Main Street Grille offers warm atmosphere, great food

Old foodie joke: “Did you hear about the new restaurant on the moon? Great food, no atmosphere.” This is certainly not a problem at Main Street Grille, where the warm, welcoming atmosphere approaches perfection.

Old foodie joke: “Did you hear about the new restaurant on the moon? Great food, no atmosphere.” This is certainly not a problem at Main Street Grille, where the warm, welcoming atmosphere approaches perfection.

Lights — not so dim you strain to read the menu, but not so bright that it feels like a cafeteria. Music — not so low that it’s a subliminal buzzing but not so high you have to shout. Decor — no steel counters or exposed heating ducts, but no gingham bows or Elvis on velvet.

The artwork here is a continuous row of beautifully framed, sepia-toned historical photos of North Canton. Many are shots of the former Hoover plant, which is across the street from the eatery. The result of all this atmospheric balance?

Before you taste one bite, you are already relaxed and content, a condition only heightened by well-trained servers who seem eager to please.

mainstreet2To start your meal, consider the wine flight, a trio of generous pours, either red or white, elegantly presented in a vertical wrought-iron stand. A bargain at $10.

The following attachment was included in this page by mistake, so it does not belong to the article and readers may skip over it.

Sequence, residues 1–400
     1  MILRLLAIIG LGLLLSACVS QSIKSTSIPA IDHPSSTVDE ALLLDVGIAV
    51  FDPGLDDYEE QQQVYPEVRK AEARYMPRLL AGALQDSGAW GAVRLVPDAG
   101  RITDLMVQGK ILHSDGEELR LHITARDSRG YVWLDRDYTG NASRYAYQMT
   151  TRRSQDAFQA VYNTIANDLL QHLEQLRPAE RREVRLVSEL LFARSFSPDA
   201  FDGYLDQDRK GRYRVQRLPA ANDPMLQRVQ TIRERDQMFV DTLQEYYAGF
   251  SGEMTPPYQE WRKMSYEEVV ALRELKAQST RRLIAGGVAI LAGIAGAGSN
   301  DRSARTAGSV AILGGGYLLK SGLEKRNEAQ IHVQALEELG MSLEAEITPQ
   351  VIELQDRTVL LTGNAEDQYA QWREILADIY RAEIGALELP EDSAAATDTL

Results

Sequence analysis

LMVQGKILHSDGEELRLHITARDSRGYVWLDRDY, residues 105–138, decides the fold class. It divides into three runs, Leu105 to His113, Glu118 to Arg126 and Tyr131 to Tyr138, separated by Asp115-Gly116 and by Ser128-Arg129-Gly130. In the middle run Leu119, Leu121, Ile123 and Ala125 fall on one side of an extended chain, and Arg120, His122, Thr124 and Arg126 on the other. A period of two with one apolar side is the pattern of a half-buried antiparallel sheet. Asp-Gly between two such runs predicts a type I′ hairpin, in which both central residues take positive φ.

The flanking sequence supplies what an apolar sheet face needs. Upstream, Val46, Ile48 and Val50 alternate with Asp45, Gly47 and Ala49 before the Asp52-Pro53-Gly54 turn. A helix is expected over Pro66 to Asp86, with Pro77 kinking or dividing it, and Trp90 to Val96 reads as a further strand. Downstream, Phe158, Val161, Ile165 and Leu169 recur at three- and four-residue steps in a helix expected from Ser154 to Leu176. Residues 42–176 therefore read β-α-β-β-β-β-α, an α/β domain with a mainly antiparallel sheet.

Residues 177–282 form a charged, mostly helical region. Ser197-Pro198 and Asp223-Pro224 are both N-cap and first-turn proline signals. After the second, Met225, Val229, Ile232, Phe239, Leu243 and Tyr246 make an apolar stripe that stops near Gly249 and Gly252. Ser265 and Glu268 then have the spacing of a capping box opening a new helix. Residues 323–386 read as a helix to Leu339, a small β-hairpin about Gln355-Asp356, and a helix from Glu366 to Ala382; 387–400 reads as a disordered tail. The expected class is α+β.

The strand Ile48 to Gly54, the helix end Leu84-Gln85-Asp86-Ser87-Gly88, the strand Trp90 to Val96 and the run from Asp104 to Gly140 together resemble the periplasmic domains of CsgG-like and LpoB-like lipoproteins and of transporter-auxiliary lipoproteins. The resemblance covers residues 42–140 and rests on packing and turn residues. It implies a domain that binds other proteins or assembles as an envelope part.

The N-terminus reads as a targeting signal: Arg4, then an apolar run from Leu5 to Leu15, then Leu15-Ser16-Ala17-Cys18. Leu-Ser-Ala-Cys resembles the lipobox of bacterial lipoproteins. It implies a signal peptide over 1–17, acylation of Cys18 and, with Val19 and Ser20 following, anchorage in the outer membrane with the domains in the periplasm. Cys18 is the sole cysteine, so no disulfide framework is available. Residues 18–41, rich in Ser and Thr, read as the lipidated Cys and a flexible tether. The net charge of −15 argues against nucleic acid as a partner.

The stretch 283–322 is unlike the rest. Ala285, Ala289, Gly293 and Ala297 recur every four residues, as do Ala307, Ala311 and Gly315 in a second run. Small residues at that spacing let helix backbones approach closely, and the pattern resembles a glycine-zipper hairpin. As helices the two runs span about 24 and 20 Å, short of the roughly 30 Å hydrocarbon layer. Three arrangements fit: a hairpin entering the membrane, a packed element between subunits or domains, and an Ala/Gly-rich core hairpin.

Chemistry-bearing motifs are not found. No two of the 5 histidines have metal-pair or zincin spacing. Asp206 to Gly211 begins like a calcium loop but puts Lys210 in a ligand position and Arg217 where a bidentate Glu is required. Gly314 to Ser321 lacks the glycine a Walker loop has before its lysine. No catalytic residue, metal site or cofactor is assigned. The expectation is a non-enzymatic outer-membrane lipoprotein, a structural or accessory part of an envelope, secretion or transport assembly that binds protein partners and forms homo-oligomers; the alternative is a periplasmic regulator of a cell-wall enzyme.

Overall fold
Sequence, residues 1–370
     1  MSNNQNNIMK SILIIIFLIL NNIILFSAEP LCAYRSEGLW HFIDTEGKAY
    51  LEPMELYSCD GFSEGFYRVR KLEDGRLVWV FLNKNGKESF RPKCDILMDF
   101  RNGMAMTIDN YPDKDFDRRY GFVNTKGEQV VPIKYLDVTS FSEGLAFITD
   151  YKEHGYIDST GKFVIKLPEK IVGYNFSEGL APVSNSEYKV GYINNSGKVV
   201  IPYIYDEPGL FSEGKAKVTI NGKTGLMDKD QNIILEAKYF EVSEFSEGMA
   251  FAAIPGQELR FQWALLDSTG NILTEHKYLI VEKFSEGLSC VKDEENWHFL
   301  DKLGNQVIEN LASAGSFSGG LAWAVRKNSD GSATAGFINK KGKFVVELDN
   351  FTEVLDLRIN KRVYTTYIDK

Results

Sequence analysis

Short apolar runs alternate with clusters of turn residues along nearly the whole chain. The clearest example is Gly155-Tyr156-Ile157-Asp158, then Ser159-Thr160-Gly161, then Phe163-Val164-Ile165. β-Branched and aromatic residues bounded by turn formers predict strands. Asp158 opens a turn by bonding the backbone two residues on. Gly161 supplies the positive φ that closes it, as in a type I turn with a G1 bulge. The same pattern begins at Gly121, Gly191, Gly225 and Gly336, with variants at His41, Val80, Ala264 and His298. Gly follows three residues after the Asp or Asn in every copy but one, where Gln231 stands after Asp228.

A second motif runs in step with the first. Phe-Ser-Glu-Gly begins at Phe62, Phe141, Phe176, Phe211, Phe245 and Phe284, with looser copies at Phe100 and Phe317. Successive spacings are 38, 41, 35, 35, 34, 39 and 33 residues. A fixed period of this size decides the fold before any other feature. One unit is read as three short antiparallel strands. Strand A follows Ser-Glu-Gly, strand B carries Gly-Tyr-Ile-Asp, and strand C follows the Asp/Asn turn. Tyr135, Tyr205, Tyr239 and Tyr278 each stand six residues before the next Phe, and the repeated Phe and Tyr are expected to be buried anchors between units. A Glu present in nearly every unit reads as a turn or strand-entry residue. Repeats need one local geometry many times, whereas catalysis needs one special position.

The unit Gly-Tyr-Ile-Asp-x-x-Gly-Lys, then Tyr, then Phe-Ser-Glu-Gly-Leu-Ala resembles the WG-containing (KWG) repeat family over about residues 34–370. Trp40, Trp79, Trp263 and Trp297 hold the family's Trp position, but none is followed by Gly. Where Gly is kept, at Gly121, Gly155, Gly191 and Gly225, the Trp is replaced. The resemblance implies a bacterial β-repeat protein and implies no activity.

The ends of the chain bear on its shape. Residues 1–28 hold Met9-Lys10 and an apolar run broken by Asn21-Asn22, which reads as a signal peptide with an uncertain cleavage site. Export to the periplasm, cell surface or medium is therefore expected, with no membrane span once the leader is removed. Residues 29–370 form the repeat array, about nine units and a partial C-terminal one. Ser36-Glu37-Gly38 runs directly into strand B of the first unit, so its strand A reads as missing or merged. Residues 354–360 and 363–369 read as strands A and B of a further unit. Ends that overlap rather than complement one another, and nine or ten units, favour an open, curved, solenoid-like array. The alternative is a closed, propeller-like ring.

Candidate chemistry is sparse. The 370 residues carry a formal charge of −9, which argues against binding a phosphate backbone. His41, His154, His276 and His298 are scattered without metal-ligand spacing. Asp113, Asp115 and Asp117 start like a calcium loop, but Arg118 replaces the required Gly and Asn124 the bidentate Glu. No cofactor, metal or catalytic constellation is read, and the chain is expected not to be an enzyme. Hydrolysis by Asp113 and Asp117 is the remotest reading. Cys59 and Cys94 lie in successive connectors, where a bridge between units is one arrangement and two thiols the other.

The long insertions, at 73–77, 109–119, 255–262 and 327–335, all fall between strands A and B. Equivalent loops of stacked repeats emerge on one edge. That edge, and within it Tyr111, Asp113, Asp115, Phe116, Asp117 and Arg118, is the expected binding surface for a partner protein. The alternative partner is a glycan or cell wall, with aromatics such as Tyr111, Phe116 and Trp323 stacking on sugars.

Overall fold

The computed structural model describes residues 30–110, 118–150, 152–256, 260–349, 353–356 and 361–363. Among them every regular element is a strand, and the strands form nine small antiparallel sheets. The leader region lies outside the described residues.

The menu seems inviting, but executive chef Adam Crawn encourages diners to try one of his daily specials.

He said his team of chefs are so talented that they are constantly dreaming up new and exciting dishes.

“We have one or two seafood specials a night, a steak, a chicken. We’re focusing more on an authentic Italian style, or a rustic style,” Crawn said. “We do a three-course wine- tasting dinner on Monday nights that’s phenomenal. Smaller plates — $20. I give the chefs free range to talk it out — we call it riffing — to come up with the menu.”

The appetizer list includes prosciutto-wrapped asparagus, which I expected would be served cold but was hot, in a pool of warmed béarnaise sauce.

The heat intensified the saltiness of the prosciutto but that was tempered by the bundles of pencil-thin asparagus and the buttery, tangy sauce. One appetizer ($7) easily feeds two people.

Crawn said the kitchen has no problem meeting special requests, and I found that to be true when I asked that the chef go light on the scallops and heavy on the shrimp in my Seafood Bistro Plate ($22). I regretted giving that instruction, though, as the tiny scallops were meltingly tender and delectable. The hanger (flank) steak was my favorite dish of the evening ($20). Fork tender, this flavorful steak was enhanced by earthy portobello slices and a drizzle of balsamic and wine reduction.

Crawn and his staff are planning a month of Creole specials for February, with an entire Creole dinner on Fat Tuesday. Look for more theme nights in the future. In the meantime, on Wednesday evenings, enjoy live piano music in the restaurant’s basement dining room, which also is available for private parties.

MAIN STREET GRILLE

125 S. Main St., North Canton
330-497-1117